Christianity Is: Fixin’ the Whole

“I’m fixing a hole [the whole, my whole] where the rain gets in
And stops my mind [life] from wandering
Where it will go [out of control]”
– Beatles

There’s a meme flying around social media that depicts the worst ways that men, who claimed to be Christ-followers, instead utterly denied him by their actions. It’s an image of torture, probably from the Inquisition times. I won’t say any more about it specifically.

My Dear Friends, this is not what Christianity is.

To be Christian is to desire – above all else in life – to be like Jesus Christ, Son of Man/Son of God. Desire and above all else are excellent words to describe this faith. It speaks of passionately wanting, longing, yearning – not for some thing of this world – but to be whole as a divinely created human being.

Perhaps what is not so obvious is, that in order to want to be whole, one must first be aware that there is a hole (or holes) to fill. To feel brokenness. To admit to wrongdoing or simple mistakes, colossal goof-ups, or words and acts of purely evil intent.

Another way of looking at it is that Christianity is carpentry of the soul. We’re rebuilding ourselves to be a temple for the Lord God to inhabit. The wood we build with is our own habits and behaviors. Any sawing, cutting, sanding, or planing if done on our own lives.

Jesus Christ taught and demonstrated exactly how a flawed humanity could grow toward perfection. He spoke of two ways to make consistent, ongoing progress, as recorded by two people who personally knew him. Jesus said:

Mark 12:30
“Love the Lord your God with all your heart, soul, mind, strength…
“Love your neighbor the same as you love yourself.”

Matthew 28:19
“So go and make followers of all people in the world.”

There may seem to be a question about the letter of this law, due to the many possible interpretations of the verbs used, but it is the spirit of these ‘commandments’ that is the key to living them.

First and foremost, to follow Christ is to live every minute in a deep and extremely personal relationship with The Creator. To seek to know God, who literally and figuratively made me, as intimately as I know myself. (Maybe even more so.) To be inseparable from him. To be with him with every fiber of my being. All my heart (my emotions), my soul (my six senses), my mind (my logic), and my bodily strength (my very life).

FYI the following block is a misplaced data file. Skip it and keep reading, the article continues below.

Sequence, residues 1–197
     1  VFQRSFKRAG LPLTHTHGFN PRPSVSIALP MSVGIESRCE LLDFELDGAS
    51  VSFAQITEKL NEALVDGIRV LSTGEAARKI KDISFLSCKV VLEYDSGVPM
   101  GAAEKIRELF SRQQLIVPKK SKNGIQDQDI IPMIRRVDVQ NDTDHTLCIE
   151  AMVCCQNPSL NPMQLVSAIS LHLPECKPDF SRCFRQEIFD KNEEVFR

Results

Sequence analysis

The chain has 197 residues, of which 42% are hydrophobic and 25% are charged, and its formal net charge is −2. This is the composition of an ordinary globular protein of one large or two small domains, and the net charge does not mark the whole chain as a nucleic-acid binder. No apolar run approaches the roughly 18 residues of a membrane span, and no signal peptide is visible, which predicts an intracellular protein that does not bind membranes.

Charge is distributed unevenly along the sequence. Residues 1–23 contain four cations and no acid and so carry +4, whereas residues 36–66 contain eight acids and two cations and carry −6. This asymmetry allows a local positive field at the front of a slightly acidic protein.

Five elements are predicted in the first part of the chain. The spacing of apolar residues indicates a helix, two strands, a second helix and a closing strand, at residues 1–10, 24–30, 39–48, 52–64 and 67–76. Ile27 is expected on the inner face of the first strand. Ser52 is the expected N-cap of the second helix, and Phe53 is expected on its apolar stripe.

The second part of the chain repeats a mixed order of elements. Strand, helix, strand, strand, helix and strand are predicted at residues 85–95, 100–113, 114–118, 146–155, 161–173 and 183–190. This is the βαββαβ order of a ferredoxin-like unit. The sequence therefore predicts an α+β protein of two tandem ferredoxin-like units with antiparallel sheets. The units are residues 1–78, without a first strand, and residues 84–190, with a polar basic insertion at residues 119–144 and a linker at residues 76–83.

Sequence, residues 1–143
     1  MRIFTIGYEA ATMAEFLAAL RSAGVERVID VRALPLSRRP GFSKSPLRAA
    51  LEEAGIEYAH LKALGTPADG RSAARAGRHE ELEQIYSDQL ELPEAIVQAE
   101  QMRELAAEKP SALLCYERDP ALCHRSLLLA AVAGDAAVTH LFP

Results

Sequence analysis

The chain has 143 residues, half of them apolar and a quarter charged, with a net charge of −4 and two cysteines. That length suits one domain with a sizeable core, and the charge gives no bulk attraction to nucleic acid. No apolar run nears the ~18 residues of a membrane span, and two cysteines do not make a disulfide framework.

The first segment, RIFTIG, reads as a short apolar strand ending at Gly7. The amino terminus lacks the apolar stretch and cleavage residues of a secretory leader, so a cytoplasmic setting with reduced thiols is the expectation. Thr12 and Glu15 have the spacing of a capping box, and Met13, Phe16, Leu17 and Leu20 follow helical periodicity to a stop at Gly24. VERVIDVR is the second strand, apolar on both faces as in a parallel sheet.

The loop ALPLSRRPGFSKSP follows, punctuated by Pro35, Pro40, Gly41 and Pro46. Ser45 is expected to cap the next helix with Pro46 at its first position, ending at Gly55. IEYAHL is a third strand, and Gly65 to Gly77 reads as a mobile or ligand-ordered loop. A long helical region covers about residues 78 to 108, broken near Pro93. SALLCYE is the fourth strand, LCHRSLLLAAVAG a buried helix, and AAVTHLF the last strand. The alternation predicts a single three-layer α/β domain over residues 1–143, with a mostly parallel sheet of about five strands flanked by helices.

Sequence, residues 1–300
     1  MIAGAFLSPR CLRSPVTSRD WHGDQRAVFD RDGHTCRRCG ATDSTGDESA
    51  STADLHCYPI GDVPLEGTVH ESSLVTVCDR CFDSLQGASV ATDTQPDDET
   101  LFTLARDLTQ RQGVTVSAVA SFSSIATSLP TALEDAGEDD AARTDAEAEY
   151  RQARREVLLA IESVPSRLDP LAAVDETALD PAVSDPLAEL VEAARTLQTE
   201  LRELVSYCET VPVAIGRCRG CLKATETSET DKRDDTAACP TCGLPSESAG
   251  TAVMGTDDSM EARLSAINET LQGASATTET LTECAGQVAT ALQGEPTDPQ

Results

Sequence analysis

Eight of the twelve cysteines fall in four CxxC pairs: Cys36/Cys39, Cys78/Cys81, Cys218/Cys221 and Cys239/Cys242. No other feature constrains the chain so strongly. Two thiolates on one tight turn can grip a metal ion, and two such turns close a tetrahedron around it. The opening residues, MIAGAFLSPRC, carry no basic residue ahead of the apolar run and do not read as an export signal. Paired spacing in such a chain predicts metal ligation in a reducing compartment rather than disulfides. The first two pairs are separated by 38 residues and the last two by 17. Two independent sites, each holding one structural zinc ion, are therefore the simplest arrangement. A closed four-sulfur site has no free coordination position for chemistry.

Getting to know God leads to realizing every good and potential thing about myself, and to see where I am lacking. Then, with his forgiveness, I receive the power to change – the spark that only he can give. Daily, moment-by-moment, I can then apply myself to fixing the whole of me.

As I grow and mature towards more-often-than-not being able to say and do what is “loving” for myself and for those who are in my life, I am able to see that they are like me in brokenness, in mistakes made, and even in purposely or reflexively causing harm. I can then feel and extend the same forgiveness – that God gave me, that I give myself – to them, through my own words and actions.

‘My words and actions’ means that I “walk my talk” of abiding in God – of staying with him. This is leading by example, not by forcing or dictating expectations of behavior for others. Consider the verbs used in English translations of Matthew 28:19:

  • make followers or disciples
  • teach
  • disciple
  • train
  • immersing them into

None of these implies the use of force or punishment. Instead, they give the sense that people will voluntarily want to know my secret for living with peace and joy in any circumstance.

Revelation 3:3
So don’t forget what you have received and heard. Obey it. Change your [own] hearts and lives!

Focusing on God, on myself in him – this is what will lead other people to a desire to know him for themselves.


To Speak Of Knowing What I Can Not Prove

My Dear Brothers and Sisters,
Let us take a moment to speak quietly. Let us each be quick to listen, thoughtful in our response, and very, very careful to watch for even the slightest resentment in our words. Everybody knows a gentle answer turns away wrath, while a harsh retort stirs up anger.